Letter | Published:

Engineered non-Mendelian inheritance of entire parental genomes in C. elegans

Nature Biotechnology volume 34, pages 982986 (2016) | Download Citation

Abstract

The ability to rewrite the rules of genetic segregation would open new possibilities in diverse areas of biotechnology ranging from breeding to epigenetics. Here we engineer non-Mendelian inheritance of the entire maternal or paternal genome in Caenorhabditis elegans by changing the structure of the mitotic spindle during the first cell division of the zygote. Using germline-specific overexpression of a single protein, the conserved microtubule force regulator GPR-1, we increase forces that pull on spindle poles to convert the single bipolar mitotic spindle to two monopolar spindles. This generates two-cell embryos in which one cell contains only the maternal chromosomes and the other cell contains only the paternal chromosomes. As the embryo develops, each cell of the animal, including the germ cells, contains the genetic material of only one parent, resulting in hybrid F1 animals. Progeny of these animals (F2) inherit either only F0 maternal or only F0 paternal chromosomes, and thus descend from only either of their grandparents' gametes.

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Acknowledgements

The Max Planck Society funded this work.

Author information

Affiliations

  1. Max Planck Institute for Biophysical Chemistry, Göttingen, Germany.

    • Judith Besseling
    •  & Henrik Bringmann

Authors

  1. Search for Judith Besseling in:

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Contributions

J.B. performed experiments, analyzed data, and edited the manuscript. H.B. conceived the study, performed experiments, analyzed data, and wrote the manuscript.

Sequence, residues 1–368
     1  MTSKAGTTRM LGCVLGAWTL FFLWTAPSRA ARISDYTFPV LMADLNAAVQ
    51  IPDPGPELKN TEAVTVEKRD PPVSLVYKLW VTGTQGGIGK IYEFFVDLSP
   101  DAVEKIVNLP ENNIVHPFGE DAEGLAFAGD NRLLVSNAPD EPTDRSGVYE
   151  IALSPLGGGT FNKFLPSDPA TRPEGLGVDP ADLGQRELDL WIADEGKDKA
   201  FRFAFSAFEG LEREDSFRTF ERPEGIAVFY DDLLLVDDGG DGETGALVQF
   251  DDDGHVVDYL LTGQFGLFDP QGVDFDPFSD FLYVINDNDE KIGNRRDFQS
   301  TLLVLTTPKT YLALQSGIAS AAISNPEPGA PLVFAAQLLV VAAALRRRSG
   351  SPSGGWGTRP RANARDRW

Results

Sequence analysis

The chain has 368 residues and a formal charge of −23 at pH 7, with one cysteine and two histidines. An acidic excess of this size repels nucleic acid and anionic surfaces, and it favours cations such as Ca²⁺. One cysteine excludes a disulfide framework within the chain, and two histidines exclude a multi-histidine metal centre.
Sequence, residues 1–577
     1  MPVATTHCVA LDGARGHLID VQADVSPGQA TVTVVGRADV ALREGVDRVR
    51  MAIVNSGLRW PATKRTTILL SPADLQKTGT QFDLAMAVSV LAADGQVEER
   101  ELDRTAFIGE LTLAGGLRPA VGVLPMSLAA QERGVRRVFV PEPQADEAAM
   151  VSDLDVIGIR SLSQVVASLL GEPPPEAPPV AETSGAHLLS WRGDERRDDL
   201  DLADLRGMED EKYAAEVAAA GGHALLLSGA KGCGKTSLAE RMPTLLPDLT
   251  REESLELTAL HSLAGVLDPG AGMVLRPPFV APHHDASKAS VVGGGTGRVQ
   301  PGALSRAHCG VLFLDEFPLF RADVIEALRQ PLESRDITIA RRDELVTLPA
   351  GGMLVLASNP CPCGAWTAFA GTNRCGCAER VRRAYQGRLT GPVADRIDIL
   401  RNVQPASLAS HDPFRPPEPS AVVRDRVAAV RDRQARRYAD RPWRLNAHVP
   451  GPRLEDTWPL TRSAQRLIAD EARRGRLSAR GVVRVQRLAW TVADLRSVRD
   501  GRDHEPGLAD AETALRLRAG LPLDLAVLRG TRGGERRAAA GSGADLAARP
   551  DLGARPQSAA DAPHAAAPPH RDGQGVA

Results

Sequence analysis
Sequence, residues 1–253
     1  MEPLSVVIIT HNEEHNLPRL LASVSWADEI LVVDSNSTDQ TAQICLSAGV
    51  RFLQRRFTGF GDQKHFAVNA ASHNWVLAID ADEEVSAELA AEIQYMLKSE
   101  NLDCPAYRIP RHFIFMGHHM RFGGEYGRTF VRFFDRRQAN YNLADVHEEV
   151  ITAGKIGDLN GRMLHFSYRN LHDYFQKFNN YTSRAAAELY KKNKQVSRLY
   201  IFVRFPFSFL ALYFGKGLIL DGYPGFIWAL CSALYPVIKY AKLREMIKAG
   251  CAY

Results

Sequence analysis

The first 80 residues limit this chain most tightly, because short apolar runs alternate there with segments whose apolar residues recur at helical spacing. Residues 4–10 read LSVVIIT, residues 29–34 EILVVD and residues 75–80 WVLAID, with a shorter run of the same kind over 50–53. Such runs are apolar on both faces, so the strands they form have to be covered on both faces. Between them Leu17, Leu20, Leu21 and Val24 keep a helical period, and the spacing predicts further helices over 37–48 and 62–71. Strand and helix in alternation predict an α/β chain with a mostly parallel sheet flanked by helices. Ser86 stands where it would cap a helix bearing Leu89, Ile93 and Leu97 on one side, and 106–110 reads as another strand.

Competing interests

The authors declare no competing financial interests.

Corresponding author

Correspondence to Henrik Bringmann.

Integrated supplementary information

Supplementary information

PDF files

  1. 1.

    Supplementary Text and Figures

    Supplementary Figures 1–13

Videos

  1. 1.

    Supplementary Video 1

    The first cell division in the wild-type C. elegans embryo filmed by DIC and fluorescence microscopy. Histones are labeled with mCherry (red) to visualize DNA segregation. Frames were taken every 20 seconds and the display rate is 3 frames per second. A normal bipolar spindle is formed.

  2. 2.

    Supplementary Video 2

    The first cell division in C. elegans embryos that are overexpressing GPR-1 filmed by DIC and fluorescence microscopy. Histones are labeled with mCherry (red) to visualize DNA segregation. Frames were taken every 20 seconds and the display rate is 3 frames per second. Increased forces pull apart the two pronuclei. As a result, two monopolar spindles are formed that unequally segregate maternal and paternal DNA.

  3. 3.

    Supplementary Video 3

    The first cell division in C. elegans embryos that are overexpressing GPR-1 filmed by DIC and fluorescence microscopy. Histones are labeled with mCherry (red) to visualize DNA segregation. Frames were taken every 20 seconds and the display rate is 3 frames per second. A bipolar spindle is formed.

  4. 4.

    Supplementary Video 4

    An example of segregation of the paternal chromosomes to the P lineage. Anterior is to the left. The paternal pronucleus can be formally identified because it is located further to the posterior and has the two centrosomes attached. The maternal pronucleus is located initially in the anterior, has no centrosomes attached and is more mobile. Thus, the two pronuclei meet in the posterior to form the PCC. The PCC is then pulled apart so that the maternal pronucleus forms a monopolar spindle in the anterior, and the paternal pronucleus forms a monopolar spindle in the posterior. Frames were taken every 20 seconds and the display rate is 3 frames per second.

  5. 5.

    Supplementary Video 5

    A rare example of segregation of the maternal chromosomes to the P lineage. Anterior is to the left. The paternal pronucleus can be formally identified because it is located further to the posterior and has the two centrosomes attached. The maternal pronucleus is located initially in the anterior, has no centrosomes attached and is more mobile. Thus, the two pronuclei meet in the posterior to form the PCC. Note that the maternal pronucleus initially is in the anterior portion of the PCC. Then, the PCC rotates just before it is pulled apart. As a consequence, the maternal pronucleus forms a monopolar spindle in the posterior, and the paternal pronucleus forms a monopolar spindle in the anterior. Frames were taken every 20 seconds and the display rate is 3 frames per second.

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DOI

https://doi.org/10.1038/nbt.3643

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